``Raising the fee to enroll in this optional program to an untenable level dooms the state program to failure and undermines safety of patients who are already suffering,'' he said.

By law, the voluntary card program has to pay for itself. And the only income is the fees, said Michelle Mussuto, state health services spokeswoman. While all the state's counties are mandated to join the program, there is no deadline to comply. That means many counties -- including large ones like Los Angeles -- are still not participating.

The state initially estimated as many as 150,000 patients would participate from all 58 counties. So far, 24 counties offer the card program and 9,500 people are signed up.

The initial program budget three years ago was about $1.5 million. It's down to $850,000 for 2006-2007, Mussuto said.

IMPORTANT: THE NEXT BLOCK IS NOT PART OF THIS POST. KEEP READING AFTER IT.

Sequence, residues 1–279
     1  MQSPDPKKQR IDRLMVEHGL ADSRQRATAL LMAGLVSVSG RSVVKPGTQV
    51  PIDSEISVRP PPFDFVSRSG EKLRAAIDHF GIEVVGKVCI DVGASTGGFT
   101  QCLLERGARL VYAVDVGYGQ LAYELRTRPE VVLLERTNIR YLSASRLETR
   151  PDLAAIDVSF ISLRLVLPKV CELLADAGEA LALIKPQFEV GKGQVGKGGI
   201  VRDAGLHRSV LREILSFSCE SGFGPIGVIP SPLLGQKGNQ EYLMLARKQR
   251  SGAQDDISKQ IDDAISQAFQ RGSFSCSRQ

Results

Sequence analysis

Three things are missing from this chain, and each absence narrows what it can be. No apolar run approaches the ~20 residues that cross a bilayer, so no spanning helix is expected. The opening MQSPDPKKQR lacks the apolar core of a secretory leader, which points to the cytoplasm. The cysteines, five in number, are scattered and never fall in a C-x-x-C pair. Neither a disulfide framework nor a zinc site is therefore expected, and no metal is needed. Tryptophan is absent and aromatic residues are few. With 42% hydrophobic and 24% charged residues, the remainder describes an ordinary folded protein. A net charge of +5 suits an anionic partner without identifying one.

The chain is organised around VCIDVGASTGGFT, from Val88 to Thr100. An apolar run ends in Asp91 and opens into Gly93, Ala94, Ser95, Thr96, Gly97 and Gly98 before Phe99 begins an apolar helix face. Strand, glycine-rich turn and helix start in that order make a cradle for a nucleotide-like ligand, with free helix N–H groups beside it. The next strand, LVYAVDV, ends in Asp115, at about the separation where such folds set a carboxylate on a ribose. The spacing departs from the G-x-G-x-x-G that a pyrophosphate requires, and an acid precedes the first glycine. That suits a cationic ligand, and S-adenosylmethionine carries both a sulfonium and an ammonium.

The cost includes making and shipping the cards, salaries for two full-time and one part-time employee, and a 24-hour database for law enforcement to verify cards.

Card holders must apply annually. If they come in prior to the March 1 date, they can pay the current lower fees, said Dr. Leigh Hall, Sonoma County's deputy director of public health.

``Really, in the long run, (state health officials) are going to shoot themselves in the foot and quite potentially undermine the program,'' said Kris Hermes, legal campaign director for Americans for Safe Access, an advocacy group based in Oakland.

The groups wants the state to postpone the increase for at least one year, allowing more counties to participate.

Los Angeles County has said it will soon join the program, which could provide a financial boost enabling the state to keep costs lower, Leno said.

You can reach Staff Writer Randi Rossmann at 521-5412 or

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The Pot Haze

Postby palmspringsbum » Sun May 27, 2007 7:47 pm


Published on February 18, 2007

© 2007- The Press Democrat